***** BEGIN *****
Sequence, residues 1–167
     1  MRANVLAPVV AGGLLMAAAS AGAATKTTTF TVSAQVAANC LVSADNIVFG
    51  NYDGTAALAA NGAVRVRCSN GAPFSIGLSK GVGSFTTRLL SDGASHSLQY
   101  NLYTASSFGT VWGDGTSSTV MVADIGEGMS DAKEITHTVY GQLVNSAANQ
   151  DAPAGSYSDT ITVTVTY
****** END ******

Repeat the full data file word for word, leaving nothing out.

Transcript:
Sequence, residues 1–167
     1  MRANVLAPVV AGGLLMAAAS AGAATKTTTF TVSAQVAANC LVSADNIVFG
    51  NYDGTAALAA NGAVRVRCSN GAPFSIGLSK GVGSFTTRLL SDGASHSLQY
   101  NLYTASSFGT VWGDGTSSTV MVADIGEGMS DAKEITHTVY GQLVNSAANQ
   151  DAPAGSYSDT ITVTVTY